Apart from the internal construction, LT-Metric tires differ from the P-metric ones in terms of the rubber compound. In many cases, it’s a similar mixture, but the volume is different. LT-metric tires have thicker rubber over the internal construction. The main reason for this is that the internal construction will handle the load, but the thicker rubber will help keep the tire together.
In the off-road application, the way light truck tires are made gives them an advantage over the P-metric ones. Some models have off-road capable tires but without the LT rating. They are fine, but we don’t really see a massive advantages of this. With LT tires, the internal construction and thicker rubber offer some advantages.
For extreme off-roading scenarios like rock-crawling or sand, tire deflation is a key aspect to get better performance. LT tires with their reinforced internal construction can handle reduced pressure and will survive with no issues. As for the compound, with most models, you’ll get a cut and chip resistance rubber, which is nice. With that said, having a thicker coating means that the tire can take a lot more beating before it gives up.
Can you fit a P-metric tire to a light truck?
Many people think that once you find the correct dimension, you can fit any tire to any vehicle. That is true technically, but it’s also a bad idea. I wrote a guide about how to choose the tires based on their specification, so it should give you an idea of what I’m talking about.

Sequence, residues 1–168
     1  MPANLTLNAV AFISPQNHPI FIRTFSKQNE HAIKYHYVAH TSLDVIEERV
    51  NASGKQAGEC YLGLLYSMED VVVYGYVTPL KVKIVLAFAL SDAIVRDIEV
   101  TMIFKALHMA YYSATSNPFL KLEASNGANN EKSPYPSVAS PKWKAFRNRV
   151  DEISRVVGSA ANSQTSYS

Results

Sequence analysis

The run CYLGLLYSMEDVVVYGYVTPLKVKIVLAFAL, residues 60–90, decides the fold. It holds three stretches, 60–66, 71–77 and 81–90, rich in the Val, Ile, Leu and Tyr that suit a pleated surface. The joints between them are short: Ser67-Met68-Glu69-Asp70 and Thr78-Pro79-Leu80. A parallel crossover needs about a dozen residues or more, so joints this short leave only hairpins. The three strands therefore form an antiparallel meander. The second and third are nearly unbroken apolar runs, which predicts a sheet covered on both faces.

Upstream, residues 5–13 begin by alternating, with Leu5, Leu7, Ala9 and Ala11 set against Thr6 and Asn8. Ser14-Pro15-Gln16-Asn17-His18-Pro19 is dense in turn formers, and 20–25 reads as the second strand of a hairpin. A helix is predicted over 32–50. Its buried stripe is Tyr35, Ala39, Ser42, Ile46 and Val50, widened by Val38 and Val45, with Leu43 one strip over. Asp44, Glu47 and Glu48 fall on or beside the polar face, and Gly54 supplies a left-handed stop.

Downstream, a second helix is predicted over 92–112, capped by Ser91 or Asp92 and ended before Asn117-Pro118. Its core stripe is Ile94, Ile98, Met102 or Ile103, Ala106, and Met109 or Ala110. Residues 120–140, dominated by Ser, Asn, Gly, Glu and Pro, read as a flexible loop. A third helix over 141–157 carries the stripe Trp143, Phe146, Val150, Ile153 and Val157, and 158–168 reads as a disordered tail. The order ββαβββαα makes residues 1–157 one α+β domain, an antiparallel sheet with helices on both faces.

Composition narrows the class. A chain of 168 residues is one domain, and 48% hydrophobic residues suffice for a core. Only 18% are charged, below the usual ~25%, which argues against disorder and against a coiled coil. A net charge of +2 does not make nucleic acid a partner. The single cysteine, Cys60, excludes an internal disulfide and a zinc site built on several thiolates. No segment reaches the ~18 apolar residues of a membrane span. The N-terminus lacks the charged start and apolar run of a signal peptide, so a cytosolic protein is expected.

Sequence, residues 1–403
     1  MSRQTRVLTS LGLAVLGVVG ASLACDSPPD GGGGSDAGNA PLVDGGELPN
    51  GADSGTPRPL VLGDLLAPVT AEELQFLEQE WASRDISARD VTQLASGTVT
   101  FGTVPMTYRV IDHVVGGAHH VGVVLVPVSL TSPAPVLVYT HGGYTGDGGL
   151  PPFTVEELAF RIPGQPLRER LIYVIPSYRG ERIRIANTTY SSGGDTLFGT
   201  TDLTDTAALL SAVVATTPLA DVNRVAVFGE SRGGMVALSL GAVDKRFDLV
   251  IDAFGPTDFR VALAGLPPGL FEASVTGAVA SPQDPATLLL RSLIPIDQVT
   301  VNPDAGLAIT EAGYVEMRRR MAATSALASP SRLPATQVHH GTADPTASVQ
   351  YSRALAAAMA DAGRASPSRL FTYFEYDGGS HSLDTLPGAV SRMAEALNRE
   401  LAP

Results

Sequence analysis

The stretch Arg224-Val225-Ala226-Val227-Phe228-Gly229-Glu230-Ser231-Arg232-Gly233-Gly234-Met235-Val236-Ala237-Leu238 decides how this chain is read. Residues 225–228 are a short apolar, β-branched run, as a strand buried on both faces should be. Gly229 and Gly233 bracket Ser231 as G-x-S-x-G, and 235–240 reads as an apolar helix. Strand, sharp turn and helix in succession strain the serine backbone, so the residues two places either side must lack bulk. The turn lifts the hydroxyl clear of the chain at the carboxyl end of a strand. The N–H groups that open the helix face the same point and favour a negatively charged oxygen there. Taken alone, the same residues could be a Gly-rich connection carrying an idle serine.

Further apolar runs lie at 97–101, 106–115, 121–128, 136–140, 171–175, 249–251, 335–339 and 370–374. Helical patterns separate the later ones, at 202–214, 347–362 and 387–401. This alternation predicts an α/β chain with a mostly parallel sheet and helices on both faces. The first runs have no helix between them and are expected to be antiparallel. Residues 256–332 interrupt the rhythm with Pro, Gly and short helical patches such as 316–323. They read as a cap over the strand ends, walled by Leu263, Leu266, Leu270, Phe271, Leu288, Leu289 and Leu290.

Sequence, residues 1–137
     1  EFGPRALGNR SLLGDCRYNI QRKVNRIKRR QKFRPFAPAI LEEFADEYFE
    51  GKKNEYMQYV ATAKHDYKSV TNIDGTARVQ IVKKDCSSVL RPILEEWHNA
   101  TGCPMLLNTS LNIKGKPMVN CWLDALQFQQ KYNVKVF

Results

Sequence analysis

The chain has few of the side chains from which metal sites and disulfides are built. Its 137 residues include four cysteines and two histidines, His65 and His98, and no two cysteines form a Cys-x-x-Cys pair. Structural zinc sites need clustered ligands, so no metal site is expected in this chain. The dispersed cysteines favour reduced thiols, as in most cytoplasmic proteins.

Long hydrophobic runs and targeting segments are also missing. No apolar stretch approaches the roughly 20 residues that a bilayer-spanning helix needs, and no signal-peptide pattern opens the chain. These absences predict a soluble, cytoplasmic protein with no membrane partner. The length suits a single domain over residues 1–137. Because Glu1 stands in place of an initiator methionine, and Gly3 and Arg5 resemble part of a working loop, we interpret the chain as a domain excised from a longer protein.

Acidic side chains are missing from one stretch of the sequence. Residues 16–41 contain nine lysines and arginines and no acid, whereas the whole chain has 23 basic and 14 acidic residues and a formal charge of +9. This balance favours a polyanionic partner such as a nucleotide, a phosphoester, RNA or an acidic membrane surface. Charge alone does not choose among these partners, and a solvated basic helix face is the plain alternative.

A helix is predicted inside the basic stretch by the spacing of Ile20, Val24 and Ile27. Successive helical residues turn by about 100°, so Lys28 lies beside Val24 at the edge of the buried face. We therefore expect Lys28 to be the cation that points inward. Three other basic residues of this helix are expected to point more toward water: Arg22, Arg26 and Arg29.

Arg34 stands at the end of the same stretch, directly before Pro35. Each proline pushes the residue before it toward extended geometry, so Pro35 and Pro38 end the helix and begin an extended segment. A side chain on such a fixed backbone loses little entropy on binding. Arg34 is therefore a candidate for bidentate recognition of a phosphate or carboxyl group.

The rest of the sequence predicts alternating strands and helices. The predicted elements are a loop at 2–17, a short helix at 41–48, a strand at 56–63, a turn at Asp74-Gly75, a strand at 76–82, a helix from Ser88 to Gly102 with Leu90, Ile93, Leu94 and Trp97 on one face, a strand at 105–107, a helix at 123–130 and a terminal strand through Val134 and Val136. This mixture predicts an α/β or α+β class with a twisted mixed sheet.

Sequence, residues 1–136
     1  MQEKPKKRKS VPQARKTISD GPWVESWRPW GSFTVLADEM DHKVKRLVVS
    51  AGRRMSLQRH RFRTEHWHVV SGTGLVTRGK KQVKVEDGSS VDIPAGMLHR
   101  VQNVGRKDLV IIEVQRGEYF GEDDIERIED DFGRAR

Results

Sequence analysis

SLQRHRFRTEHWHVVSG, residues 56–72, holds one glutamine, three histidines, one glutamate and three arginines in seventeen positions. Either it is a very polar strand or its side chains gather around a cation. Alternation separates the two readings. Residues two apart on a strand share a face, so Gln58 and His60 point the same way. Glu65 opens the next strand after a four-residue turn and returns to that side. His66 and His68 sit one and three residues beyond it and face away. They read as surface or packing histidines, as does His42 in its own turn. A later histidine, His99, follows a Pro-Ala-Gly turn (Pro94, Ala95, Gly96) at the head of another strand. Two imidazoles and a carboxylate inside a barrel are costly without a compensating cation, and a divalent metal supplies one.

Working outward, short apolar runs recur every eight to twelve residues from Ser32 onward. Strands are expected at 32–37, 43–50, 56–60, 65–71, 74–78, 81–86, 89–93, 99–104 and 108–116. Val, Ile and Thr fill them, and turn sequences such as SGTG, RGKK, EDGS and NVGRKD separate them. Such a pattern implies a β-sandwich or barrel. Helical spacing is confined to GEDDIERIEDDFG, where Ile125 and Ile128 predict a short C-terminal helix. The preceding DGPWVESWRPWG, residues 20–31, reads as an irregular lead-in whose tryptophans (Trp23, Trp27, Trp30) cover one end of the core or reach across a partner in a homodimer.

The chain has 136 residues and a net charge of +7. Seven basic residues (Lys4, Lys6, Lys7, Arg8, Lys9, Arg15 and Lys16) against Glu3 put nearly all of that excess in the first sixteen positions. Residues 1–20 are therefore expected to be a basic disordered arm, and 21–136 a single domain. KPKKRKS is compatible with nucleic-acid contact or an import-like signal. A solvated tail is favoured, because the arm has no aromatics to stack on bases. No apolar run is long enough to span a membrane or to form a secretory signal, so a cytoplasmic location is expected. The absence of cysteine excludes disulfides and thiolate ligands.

There are some examples of identical-sized models that can be P or LT-metric, which is why people think it’s doable. You can, but you shouldn’t. Considering that light truck tires can handle a lot more load than P-metric ones, you will be risking a blowout, especially if you need to carry some cargo.
You could find a P-metric tire that has a load index needed for your vehicle and you’d think you’ll be fine. That may be so, but the moment you decide to put something heavy in the car, you’ll be overloading the tire.
Are there any disadvantages of light truck tires?
You’re reading all the advantages of light truck tires, so you’re thinking that maybe your Corolla could benefit from them. As good as that seems, LT tires aren’t perfect, and they have a few drawbacks.
Having a reinforced internal construction and a thicker rubber over it adds weight to a tire. Heavier tires aren’t known for being the most nimble option, so you won’t be getting any kind of sporty feel to it. Also, a heavier tire means that the engine will need to work a bit more, meaning that you won’t be getting an improved MPG.
Another disadvantage of the construction is the comfort level. The reinforced construction also means that the tire won’t have a flexible sidewall, so the bump-absorption capabilities won’t be as good. This is why we often say that the all-terrain and mud-terrain tires aren’t known for their comfort.
Tire manufacturers spend a lot of time developing and tweaking their tires to provide the best performance and longevity for all vehicle types. Light truck tires are a good example, which some people tend to ignore.
LT-metric tires differ from P-metric ones in multiple aspects. Each one offers plenty of advantages, but they aren’t perfect as there are some disadvantages as well.
At the end of the day, each aspect is a crucial one that makes a good light truck tire. Take away at least one, and you’re left with an underperformer.